"Hito Toshite Jiku ga Bureteiru" is a single by Kenji Ohtsuki featuring Ai Nonaka, Marina Inoue, Yū Kobayashi, Miyuki Sawashiro, and Ryōko Shintani, which was used for the first opening theme of the first series of the anime adaptation. It also included "Gōin ni Mai Yeah", which was used for the second opening theme. It was first released in Japan on August 22, 2007 and was published by King Records. "Zessei Bijin" is a single by Ai Nonaka, Marina Inoue, Yū Kobayashi, and Ryōko Shintani, which was used for the first ending theme of the first series of the anime adaptation. It was first released in Japan on September 26, 2007 and was published by King Records.

The Sayonara, Zetsubou-Sensei Original Soundtrack for the anime adaptation was first released in Japan on October 24, 2007 and was published by King Records. It contains music from the first series, composed by Tomoki Hasegawa, along with the two opening themes and an ending theme. The "Sayonara, Zetsubou-Sensei Character Song Album" was first released in Japan on November 21, 2007 and was published by King Records. It contains character songs sung by the voice actors of the main characters from the anime adaptation.

Second series[edit]

In October 2007, Shōnen Magazine announced that a second season of the anime would air in January 2008.[9] Titled (Zoku) Sayonara, Zetsubou-Sensei (【俗・】さよなら絶望先生?), the season began airing on January 5, 2008 and consisted of thirteen episodes. The title is a pun, as the kanji is a mark used in dictionaries to indicate slang or a vulgarity, and has the same pronunciation as , which means 'continuation'.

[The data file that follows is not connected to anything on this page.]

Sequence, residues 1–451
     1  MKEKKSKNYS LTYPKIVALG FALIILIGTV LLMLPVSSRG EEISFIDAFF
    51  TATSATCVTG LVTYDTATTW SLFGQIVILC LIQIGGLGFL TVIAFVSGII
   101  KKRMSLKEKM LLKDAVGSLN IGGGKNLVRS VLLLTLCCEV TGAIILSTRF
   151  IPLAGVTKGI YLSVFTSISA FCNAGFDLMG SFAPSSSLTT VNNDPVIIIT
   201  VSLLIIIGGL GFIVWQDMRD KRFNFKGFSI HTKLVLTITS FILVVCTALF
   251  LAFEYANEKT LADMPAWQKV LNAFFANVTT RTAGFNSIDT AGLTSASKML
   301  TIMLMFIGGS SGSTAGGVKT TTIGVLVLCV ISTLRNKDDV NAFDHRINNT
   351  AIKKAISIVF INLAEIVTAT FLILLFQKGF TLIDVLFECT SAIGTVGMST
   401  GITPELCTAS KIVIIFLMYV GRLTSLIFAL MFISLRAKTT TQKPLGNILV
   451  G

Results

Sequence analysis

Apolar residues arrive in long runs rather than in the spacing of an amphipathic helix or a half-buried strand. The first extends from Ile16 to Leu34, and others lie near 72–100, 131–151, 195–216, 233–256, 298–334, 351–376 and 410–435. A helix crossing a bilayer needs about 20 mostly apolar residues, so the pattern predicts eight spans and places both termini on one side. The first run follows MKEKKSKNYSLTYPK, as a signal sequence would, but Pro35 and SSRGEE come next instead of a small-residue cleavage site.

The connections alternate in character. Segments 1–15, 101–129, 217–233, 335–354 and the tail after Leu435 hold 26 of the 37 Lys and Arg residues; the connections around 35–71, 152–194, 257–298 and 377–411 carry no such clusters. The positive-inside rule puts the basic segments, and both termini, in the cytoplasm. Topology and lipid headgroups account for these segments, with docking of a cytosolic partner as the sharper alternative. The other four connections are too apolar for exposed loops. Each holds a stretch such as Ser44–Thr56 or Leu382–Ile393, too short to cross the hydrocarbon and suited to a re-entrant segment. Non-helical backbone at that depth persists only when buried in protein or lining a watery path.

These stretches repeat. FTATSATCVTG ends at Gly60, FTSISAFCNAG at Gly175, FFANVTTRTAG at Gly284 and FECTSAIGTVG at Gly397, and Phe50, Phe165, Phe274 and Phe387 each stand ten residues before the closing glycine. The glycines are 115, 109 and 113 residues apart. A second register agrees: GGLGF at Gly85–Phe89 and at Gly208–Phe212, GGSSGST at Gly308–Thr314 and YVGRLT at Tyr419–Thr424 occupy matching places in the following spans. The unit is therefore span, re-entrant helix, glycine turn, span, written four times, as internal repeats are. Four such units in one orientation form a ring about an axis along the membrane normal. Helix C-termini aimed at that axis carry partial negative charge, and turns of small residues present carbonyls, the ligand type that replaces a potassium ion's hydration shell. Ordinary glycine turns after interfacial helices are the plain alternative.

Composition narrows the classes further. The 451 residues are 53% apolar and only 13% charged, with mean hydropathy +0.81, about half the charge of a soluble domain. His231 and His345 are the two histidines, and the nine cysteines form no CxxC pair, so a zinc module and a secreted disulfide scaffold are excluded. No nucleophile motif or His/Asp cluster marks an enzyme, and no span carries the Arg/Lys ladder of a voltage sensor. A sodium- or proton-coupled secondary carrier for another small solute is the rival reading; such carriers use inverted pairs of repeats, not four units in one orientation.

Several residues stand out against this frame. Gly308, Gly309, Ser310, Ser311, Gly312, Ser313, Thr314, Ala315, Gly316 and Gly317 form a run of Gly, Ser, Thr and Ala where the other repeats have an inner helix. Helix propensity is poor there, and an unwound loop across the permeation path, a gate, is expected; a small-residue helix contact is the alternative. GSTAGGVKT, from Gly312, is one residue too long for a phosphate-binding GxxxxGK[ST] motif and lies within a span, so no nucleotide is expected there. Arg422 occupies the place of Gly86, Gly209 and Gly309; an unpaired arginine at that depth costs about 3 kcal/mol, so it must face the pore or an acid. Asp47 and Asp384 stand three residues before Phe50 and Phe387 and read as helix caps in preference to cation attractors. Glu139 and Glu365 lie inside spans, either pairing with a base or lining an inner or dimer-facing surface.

As with the first season, the opening animation for the first and second episodes consists of slides of text with the characters' names and the production staff. This opening sequence features picture postcards sent from viewers. The second opening animation began use in the third episode and features Nozomu freefalling from the sky in a parody of Eureka Seven, alongside various still images of anatomical muscle and skeletal figures based on Kaitai Shinsho, and featured fake film deterioration effects that were exaggerated throughout the season. There is no opening in the fourth and eleventh episode. The third opening sequence, "Lyricure Go Go!", was used in episode seven, and features Kafuka, Chiri and Meru in magical girl style. In the twelfth episode, the second opening animation was partially colorised, and the thirteenth episode used a full color version. The initial ending theme, "Romance Romanesque", was used from the first to fourth episode; the accompanying animation features idealised versions of the characters in a josei art style similar to that of Kiyo Kūjō or Aubrey Beardsley. The second ending theme, "Marionette", was used from the fifth to the twelfth episodes and the third ending theme, "Omamori", in the thirteenth episode; the accompanying animation is done in the style of The Dark Spire or Mike Mignola.